Proof that literature for children and young adults really can tackle any subject with the right approach, here are some of our very favourite books for younger readers that introduce, celebrate and tackle pertinent themes in the LGBTQI+ community.
Love Makes a Family, by Sophie Beer
Love makes a family£6.99
A simple but beautiful board book about love in all its forms. Almost effortlessly inclusive, Sophie Beer illustrates family units of all different kinds expressing love for each other in gestures of care.
Julian Is A Mermaid, by Jessica Love
Julian Is A Mermaid£7.99
One of our all-time favourite picture books. After spotting three women dressed as mermaids, Julian tries to persuade his Nana to let him dress like one too. The results are joyous.
Nen And The Lonely Fisherman, by Ian Eagleton & James Mayhew
Boy meets merman! A fresh take on a classic love story, beautifully paired with James Mayhew’s ethereal illustration style.
Aalfred And Aalbert, by Morag Hood
These two aardvarks have everything in common, but they just keep missing each other – something has to be done! Morag Hood’s irresistibly funny picture books are a big hit with us (shout out to The Steves), but in this tender story about two companions-to-be she gently introduces their budding relationship for younger readers.
The Pirate Mums, by Jodie Lancet-Grant & Lydia Corry
Billy’s mums are not especially ordinary. Well, they’re actually sea-shanty singing, jig-dancing, parrot-owning, eye-patch wearing… you get the jist. When Billy’s teacher asks them to volunteer on their class trip to the seaside, Billy is horrified. Swashbuckling antics ensue! Plus, a valuable lesson about difference and acceptance.
Me, My Dad and The End of the Rainbow, by Benjamin Dean & Sandhya Prabhat
Archie wants to help his dad. His parents are getting divorced, but it also feels like they’re keeping a big secret from him. When his dad comes out, Archie and his friends decide to hatch a plan: a rip-roaring adventure of self-education that culminates at London Pride. Me, My Dad and the End of the Rainbow is a charming, funny story of friendship, family and acceptance.
Queer Heroes, by Arabelle Sicardi
From Sappho to Pedro Almodóvar, Tove Jansson to Harvey Milk — there are too many queer heroes to count! Here’s a great selection to get anyone started though, from the well-known to the unexpected.
Queer Up, by Alexis Caught
Queer Up: Alexis Caught£7.99
Super digestible and comprehensive guide for the curious regarding all things allyship, sexuality, gender identity! This is a book for any and every young person including what do all the letters in LGBTQ+ stand for how to be a good ally, how to talk about subjects in a sensitive way, queer history, inspiring stories and information about laws and rights!
LumberJanes (vol 1), by Noelle Stevenson
Extremely entertaining, action-packed summer camp fun for all ages! (I mean it: middle grade up to, like, adulthood.) This was one of the first graphic novel series for younger readers that really took off, but it still stands up with good representation and mayhem galore.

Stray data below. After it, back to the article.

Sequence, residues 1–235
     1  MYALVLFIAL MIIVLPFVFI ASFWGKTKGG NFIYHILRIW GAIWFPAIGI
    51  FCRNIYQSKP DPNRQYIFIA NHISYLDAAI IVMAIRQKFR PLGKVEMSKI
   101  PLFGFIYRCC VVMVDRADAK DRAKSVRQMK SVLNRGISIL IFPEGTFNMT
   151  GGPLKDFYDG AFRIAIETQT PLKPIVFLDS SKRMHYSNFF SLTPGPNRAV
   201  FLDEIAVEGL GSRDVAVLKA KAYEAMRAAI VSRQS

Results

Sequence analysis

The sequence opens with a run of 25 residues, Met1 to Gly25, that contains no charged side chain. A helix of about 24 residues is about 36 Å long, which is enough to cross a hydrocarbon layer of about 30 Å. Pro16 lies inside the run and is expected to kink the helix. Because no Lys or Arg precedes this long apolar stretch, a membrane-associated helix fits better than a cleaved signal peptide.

All Our Hidden Gifts, by Caroline O’Donoghue
All Our Hidden Gifts£7.99
A cracking young adult novel that starts off with some fairly typical teen problems – struggling with school, getting into trouble, falling out with friends – quickly descending into some fairly untypical teen problems when Maeve finds an old tarot deck in a disused school cupboard. As it turns out, she has a bit of a natural affinity for reading the tarot… What comes next is an a socially switched-on all-guns-blazing romp with excellent queer representation, mystical abductions, contemporary Irish politics and also an actually quite informative exploration of the Tarot. The sequel’s already out and there’s a third book planned so plenty to get stuck into.
Heartstopper Volume 1, by Alice Oseman
Heartstopper Volume One£10.99
We don’t need to tell you about Heartstopper, really, but we’ve had so many people tell us “I wish there had been something like this when I was a kid.” This is the first volume of the charmingly brilliant graphic novel phenomenon.
Only On the Weekends, by Dean Atta
Dean Atta’s been making waves in the YA genre for a while with his slick, prose-poem-novels. His latest is a deliciously juicy coming-of-age, love-triangle-laced high school drama. Boy meets boy… and then meets another boy!
Felix Ever After, by Kacen Callender
Felix is Black, queer and trans, and secretly worries that means his story will never end well. After receiving anonymous hate messages from another student, he hatches a plan to get payback. Felix Ever After is a compelling coming-of-age story with big helpings of romance, revenge, and self-discovery.
The Quiet At the End of the World, by Lauren James
An original and thrilling YA dystopia with a diverse cast of characters. In a post-apocalyptic London, Lowrie and Shen feel the weight of history and the burden of the future as the youngest people left on the planet.
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Lists Of Literary Distinction: Pride for younger readersProduct on sale